The History of Rayon

Within the textile industry, the difference between natural and synthetic fibres is easy enough to understand: one category is directly derived from living organisms, while the other is inorganically created from chemical compounds. Common natural fibres include cotton, silk, jute, and linen. Synthetic fibres include polyester, nylon, acrylic, neoprene, and spandex. However, one category of textiles is not often talked about: semi-synthetics. 

The Invention of Rayon

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Rayon was the very first material to fall under the semi-synthetic category. It originates from wood pulp, but undergoes chemical processes in its production. It was accidentally invented in 1846 when chemists intended to find a new way to use explosives, but instead created this material. Today, it is an umbrella term for a whole family of regenerated cellulose fibres. Viscose rayon, modal, and lyocell are all types of rayon. 

When rayon was introduced to the American market in 1911, manufacturers of the textile industry used many names to describe the material: artificial silk, rayonner, rayon silk, chemical silk, manufactured silk, fiber/fibre silk, scientific silk. Rayon was often compared as the economical alternative to silk since it had a similar luster and softness but was much cheaper to produce.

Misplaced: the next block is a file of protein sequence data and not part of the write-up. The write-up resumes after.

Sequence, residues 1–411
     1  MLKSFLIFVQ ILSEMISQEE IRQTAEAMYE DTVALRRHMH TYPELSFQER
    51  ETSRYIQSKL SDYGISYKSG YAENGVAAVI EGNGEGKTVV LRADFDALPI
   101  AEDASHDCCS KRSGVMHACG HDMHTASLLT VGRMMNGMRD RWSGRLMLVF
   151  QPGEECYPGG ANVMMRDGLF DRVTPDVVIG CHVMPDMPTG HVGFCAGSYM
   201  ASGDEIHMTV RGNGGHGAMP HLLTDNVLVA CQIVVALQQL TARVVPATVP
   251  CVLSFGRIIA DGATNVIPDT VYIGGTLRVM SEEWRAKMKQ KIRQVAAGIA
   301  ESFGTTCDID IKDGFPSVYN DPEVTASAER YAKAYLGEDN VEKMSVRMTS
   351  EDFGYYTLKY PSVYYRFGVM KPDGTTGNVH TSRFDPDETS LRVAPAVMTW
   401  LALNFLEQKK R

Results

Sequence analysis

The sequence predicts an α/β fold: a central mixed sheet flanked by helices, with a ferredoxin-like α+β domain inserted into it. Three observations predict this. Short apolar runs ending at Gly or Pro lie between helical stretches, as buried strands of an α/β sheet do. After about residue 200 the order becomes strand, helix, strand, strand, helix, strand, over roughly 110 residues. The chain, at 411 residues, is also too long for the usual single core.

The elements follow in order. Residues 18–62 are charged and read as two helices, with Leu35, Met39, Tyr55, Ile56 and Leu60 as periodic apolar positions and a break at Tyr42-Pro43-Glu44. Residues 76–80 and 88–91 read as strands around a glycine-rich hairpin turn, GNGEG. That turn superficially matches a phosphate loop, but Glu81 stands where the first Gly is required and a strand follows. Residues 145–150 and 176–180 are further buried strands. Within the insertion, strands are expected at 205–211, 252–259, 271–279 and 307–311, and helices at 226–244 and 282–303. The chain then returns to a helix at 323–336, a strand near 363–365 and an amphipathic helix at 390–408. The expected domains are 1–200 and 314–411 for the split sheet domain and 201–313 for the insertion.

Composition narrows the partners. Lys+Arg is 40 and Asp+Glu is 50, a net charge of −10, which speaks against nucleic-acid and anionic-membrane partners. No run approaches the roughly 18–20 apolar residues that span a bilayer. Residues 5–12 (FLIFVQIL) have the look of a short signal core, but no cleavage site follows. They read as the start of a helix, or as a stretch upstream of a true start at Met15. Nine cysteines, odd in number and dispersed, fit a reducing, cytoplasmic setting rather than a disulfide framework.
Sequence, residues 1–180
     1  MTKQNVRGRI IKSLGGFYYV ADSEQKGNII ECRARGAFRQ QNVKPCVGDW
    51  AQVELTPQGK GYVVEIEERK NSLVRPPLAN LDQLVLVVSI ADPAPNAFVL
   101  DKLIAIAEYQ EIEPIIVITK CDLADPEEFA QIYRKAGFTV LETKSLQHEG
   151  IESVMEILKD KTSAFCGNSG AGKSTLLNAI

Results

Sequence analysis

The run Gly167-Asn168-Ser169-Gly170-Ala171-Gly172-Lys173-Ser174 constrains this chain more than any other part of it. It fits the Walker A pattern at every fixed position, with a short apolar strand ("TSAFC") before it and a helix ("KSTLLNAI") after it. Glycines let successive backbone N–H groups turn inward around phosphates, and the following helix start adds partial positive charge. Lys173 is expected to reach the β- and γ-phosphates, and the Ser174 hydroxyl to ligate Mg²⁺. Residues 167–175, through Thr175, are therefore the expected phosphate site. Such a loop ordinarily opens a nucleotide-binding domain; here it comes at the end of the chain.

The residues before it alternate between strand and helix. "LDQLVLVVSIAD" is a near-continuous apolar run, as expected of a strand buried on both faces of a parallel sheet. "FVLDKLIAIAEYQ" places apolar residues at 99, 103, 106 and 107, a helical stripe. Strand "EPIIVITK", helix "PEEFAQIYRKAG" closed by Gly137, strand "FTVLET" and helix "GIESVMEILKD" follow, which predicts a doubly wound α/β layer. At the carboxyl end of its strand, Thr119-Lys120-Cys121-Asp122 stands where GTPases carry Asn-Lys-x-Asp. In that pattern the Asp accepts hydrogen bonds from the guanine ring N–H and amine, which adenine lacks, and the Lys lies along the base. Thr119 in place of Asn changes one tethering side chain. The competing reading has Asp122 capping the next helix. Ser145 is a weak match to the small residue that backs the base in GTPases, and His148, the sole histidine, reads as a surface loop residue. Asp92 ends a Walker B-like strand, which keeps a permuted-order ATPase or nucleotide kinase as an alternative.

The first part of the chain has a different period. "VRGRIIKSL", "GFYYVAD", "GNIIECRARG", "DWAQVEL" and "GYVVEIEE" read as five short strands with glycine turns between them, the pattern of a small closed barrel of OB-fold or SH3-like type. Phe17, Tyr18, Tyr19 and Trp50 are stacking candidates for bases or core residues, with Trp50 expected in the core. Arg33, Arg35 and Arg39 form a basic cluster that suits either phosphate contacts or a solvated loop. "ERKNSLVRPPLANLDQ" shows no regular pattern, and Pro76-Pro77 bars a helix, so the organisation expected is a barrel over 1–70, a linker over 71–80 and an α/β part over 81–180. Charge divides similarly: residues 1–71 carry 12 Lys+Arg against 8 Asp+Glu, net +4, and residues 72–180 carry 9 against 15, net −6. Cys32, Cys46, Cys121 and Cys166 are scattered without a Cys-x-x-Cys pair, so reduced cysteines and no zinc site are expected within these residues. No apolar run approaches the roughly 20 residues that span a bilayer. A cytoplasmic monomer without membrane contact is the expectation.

Characteristics of Rayon

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Rayon can take on a low sheen or very shiny appearance, is smooth to the touch, tends to be very breathable, is moisture-absorbent and takes dyes well. It is more absorbent than cotton but doesn't retain heat, making it an ideal choice for hot and humid climates. Its absorbability also allows for the creation of garments with bright colours and patterns - as seen in vintage aloha shirts, for example. Rayon drapes in a fluid fashion similar to silk, and is never rigid. 

A special blend of rayon and gabardine is soft and slightly spongy. Rayon gabardine garments thus have some bounce and natural stretch when worn.

Caring for Rayon

Never wash rayon with hot or warm water, as the material is prone to shrinkage when wet. Rayon can handle machine-washing with cold water, but it is commonly suggested to dry-clean or hand-wash instead. Line rayon garments to air-dry and avoid the dryer. 

Final Notes

Today, rayon garments have become much harder to find ever since synthetics like polyester have taken over the industry. It's no wonder vintage collectors love rayon so much!

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